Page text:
Valproate pretreatment prevents palmitate-induced cytotoxicity
Valproate pretreatment has exhibited cytoprotection in neuronal cells and HepG2 cells[13, 26, 27]. Clinically, total valproate serum concentrations between 0.5 mM and 1 mM are observed to be effective in the treatment of bipolar disorder. However, the effect of valproate on β-cells remains unknown. First, we investigated the cytotoxic properties of valproate in β-cells and found that concentrations of valproate below 2 mM had no cytotoxic effect (Figure 2A). Then, to determine the effect of valproate on palmitate-induced cytotoxicity, INS-1 cells were exposed to 0.25 mM PA with or without pretreatment with 1 or 2 mM valproate for 48 h. Valproate pretreatment displayed a strong cytoprotective effect against palmitate-induced toxicity (P < 0.001), and there was no significant difference between 1 mM and 2 mM valproate groups. While, without pretreatment, valproate hardly revealed any cytoprotection against palmitate-induced toxicity (Figure 2B).
Valproate pretreatment protects INS-1 cells from palmitate-induced apoptosis and ER distension
To investigate the influence of valproate on palmitate-induced apoptosis and ER distension, we evaluated apoptosis by fluorescence microscope. Consistent with our previous results, palmitate-treated cells displayed the characteristic features of apoptosis, including nuclei appeared smaller or fragmented into apoptotic bodies (Figure 3A), while necrosis was rarely observed (data not shown). At the same time, the morphology of the palmitate-treated cells was also abnormal as the cells appeared condensed and angular. Whereas, valproate pretreatment alleviated palmitate-induced apoptosis and ameliorated the morphology (Figure 3A). Next, we carried out quantitative analysis of apoptosis by flow cytometry and further confirmed that valproate pretreatment significantly decreased the sensitivity of INS-1 cells to palmitate-induced apoptosis (P < 0.01; Figure 3B).
Then we observed the morphology of ER and apoptosis by electron microscopy. Palmitate-treated cells exhibited marked chromatin condensation, an indication of apoptosis. Meanwhile, we observed electron-lucent clefts extending throughout the cytoplasm which were continuous with abnormal nuclear envelope, suggesting that ER appears distended in the process of palmitate-induced INS-1 cells apoptosis. As expected, we rarely observed apoptosis and dilated ER in valproate pretreatment group (Figure 3C). These findings are consistent with our previous results and further support the hypothesis that valproate treatment increases the resistance of INS-1 cells to palmitate-induced apoptosis as well as ER distension.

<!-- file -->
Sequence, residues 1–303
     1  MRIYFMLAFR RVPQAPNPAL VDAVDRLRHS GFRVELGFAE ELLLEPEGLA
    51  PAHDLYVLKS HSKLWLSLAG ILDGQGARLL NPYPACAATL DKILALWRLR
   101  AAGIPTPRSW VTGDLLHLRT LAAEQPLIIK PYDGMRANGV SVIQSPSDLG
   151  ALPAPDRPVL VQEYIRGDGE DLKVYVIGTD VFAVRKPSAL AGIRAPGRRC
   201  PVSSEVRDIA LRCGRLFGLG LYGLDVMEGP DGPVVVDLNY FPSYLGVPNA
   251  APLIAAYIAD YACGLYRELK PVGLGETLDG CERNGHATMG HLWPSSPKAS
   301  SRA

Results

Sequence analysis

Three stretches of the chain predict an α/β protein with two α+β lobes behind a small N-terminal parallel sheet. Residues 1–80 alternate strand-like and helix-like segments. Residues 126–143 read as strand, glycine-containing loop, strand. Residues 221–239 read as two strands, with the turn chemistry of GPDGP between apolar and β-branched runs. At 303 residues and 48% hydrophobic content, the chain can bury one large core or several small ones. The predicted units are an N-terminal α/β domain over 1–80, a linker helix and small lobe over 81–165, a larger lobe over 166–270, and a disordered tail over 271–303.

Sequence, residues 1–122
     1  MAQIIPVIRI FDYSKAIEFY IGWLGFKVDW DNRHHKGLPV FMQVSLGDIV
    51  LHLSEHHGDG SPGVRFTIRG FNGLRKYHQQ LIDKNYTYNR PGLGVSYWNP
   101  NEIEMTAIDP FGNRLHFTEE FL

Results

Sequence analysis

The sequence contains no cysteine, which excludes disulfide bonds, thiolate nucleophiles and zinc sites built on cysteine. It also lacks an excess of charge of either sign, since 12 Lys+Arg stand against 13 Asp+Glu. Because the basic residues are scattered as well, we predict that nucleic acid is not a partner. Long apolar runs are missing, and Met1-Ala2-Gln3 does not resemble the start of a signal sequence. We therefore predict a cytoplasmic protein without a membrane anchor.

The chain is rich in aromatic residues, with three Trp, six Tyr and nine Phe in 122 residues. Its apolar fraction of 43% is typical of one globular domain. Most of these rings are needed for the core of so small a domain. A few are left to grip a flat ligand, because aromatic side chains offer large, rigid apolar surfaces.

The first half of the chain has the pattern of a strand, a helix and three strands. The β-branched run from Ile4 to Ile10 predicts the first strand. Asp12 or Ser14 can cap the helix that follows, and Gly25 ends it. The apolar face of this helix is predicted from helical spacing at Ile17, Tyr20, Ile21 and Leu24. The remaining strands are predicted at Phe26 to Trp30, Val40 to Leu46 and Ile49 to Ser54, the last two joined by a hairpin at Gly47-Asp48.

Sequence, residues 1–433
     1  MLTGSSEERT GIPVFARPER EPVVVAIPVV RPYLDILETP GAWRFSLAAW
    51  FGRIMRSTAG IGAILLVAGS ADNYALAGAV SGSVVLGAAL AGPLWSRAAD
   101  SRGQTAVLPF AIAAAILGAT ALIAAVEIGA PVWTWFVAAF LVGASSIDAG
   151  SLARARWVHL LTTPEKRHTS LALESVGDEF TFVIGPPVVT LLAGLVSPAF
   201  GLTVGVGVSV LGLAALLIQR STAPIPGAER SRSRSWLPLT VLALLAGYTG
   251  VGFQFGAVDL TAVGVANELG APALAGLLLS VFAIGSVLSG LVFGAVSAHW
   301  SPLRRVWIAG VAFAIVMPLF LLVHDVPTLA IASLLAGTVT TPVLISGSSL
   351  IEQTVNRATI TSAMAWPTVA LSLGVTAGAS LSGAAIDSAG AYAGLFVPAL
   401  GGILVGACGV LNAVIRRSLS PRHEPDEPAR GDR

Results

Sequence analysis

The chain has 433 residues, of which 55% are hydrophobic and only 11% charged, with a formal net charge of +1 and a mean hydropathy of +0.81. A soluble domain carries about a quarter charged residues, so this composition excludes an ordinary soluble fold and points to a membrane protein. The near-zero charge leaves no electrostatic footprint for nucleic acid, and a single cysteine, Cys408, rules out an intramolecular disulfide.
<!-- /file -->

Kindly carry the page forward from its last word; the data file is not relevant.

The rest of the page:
Valproate ameliorates palmitate-induced caspase-3 dependent apoptosis by GSK-3β inhibition
Valproate has been identified to directly and efficiently inhibit GSK-3β[13, 18]. We hypothesized that valproate may protect β-cells from palmitate-induced apoptosis via inhibiting GSK-3β. Our results showed that valproate pretreatment decreased palmitate-induced cleaved caspase-3 protein expression, as well as GSK-3β activation by increasing phosphorylation of Ser9 (P < 0.01; Figure 4A), suggesting that GSK-3β is involved in palmitate-induced β-cells apoptosis, which is likely to be caspase-3 dependent. Additionally, valproate may prevent palmitate-induced β-cells apoptosis via GSK-3β inhibition.
To confirm the cytoprotection of GSK-3β inhibition, we examined the influence of two other GSK-3β inhibitors, LiCl and TDZD-8, on palmitate-induced cytotoxicity. 2 mM LiCl and 10 μM TDZD-8 had no cytotoxic effect on INS-1 cells (Additional file1: Figure S1). 10 μM TDZD-8, similar with valproate, had a strong cytoprotective effect against palmitate-induced toxicity at different time points (P < 0.001). Unexpectedly, 2 mM LiCl partially protected against palmitate-induced cytotoxicity after 24 h (P < 0.001), but not after 36 or 48 h (Figure 4B).
Valproate prevents palmitate-induced ER stress, independent of ATF4/CHOP pathway
Valproate pretreatment could ameliorate palmitate-induced ER distension, so we further investigated the effect of valproate on palmitate-induced ER stress. As expected, palmitate markedly increased the mRNA expressions of ER stress markers, ATF4 and CHOP, in a time-concentration dependent fashion (Figure 5A, B and C). Compared with palmitate-treated group, co-treatment with valproate and palmitate decreased CHOP mRNA level (P < 0.05), whereas, the mRNA expression of ATF4 was not influenced (Figure 5A). Interestingly, in line with the effect of valproate, TDZD-8 also only reduced palmitate-induced CHOP mRNA expression at different time points (P < 0.05; Figure 5B and C).
Next, we focused on whether valproate could decrease palmitate-induced CHOP protein expression and found that valproate pretreatment weakened palmitate-induced CHOP protein level (P < 0.05; Figure 5D). These findings suggest that valproate blocks palmitate-induced ER stress by reducing CHOP expression, independent of ATF4/CHOP pathway.